There's been a lot of action on consumer privacy in DC over the past year, and while some of that action seems to have stalled (more on that in another post), there's still movement in the private sector—mainly around "Do Not Track (DNT) and Tracking Protection Lists (TPLs).
W3C is an open process that invites participation from many different stakeholders. Even if you can't make it to Boston, you can follow along by visiting:
In April, DNT and TPL were subjects of a W3C workshop on Web Tracking and User Privacy in Princeton, New Jersey. The workshop report and presentations are available here. Since then, Mozilla—the first major browser to support DNT—has released its "field guide" to DNT for developers.
These issues are now being tackled in the W3C's Tracking Protection Working Group (TPWG), co-chaired by Aleecia McDonald of Mozilla and Matthias Schunter of IBM Research-Zurich, which aims to develop consensus standards around DNT and TPLs.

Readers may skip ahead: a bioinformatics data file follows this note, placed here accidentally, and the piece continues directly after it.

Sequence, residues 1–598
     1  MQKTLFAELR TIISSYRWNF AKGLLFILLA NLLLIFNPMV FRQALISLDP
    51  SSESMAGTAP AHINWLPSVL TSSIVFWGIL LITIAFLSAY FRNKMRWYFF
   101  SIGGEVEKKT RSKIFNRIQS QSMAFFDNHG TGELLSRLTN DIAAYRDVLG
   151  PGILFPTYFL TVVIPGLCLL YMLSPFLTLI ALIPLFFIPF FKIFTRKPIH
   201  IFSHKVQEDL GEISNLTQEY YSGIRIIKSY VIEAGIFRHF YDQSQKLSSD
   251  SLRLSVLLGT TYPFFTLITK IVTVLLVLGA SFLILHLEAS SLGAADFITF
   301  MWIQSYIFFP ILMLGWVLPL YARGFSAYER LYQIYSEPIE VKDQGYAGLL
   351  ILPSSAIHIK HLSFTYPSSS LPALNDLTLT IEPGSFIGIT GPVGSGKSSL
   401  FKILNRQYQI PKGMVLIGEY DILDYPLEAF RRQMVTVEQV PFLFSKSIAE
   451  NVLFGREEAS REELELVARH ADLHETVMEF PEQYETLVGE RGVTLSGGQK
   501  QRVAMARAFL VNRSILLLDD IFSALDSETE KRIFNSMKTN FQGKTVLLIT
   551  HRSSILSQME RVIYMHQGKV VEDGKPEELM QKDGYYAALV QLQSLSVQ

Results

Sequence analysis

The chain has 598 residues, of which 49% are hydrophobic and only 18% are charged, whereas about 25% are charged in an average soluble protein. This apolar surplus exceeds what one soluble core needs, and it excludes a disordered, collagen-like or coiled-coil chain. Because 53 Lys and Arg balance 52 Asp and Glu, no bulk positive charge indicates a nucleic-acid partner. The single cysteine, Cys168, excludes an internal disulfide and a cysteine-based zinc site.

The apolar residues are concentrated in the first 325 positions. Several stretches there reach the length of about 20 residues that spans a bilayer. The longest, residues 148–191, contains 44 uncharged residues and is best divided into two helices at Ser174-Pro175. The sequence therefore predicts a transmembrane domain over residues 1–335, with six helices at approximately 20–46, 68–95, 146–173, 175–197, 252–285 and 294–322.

EFF is participating in the W3C process to advocate for user privacy. EFF Technology Projects Director Peter Eckersley is attending the first face-to-face workshop in Cambridge, Massachusetts this week, as is Stanford's Jonathan Mayer, whose work on DNT is available at DoNotTrack.Us. A second face-to-face workshop is planned for the beginning of November in Santa Clara, California.
The W3C process is quite open. There is a public mailing list with archives available, an overall summary page, and an online review of the discussion.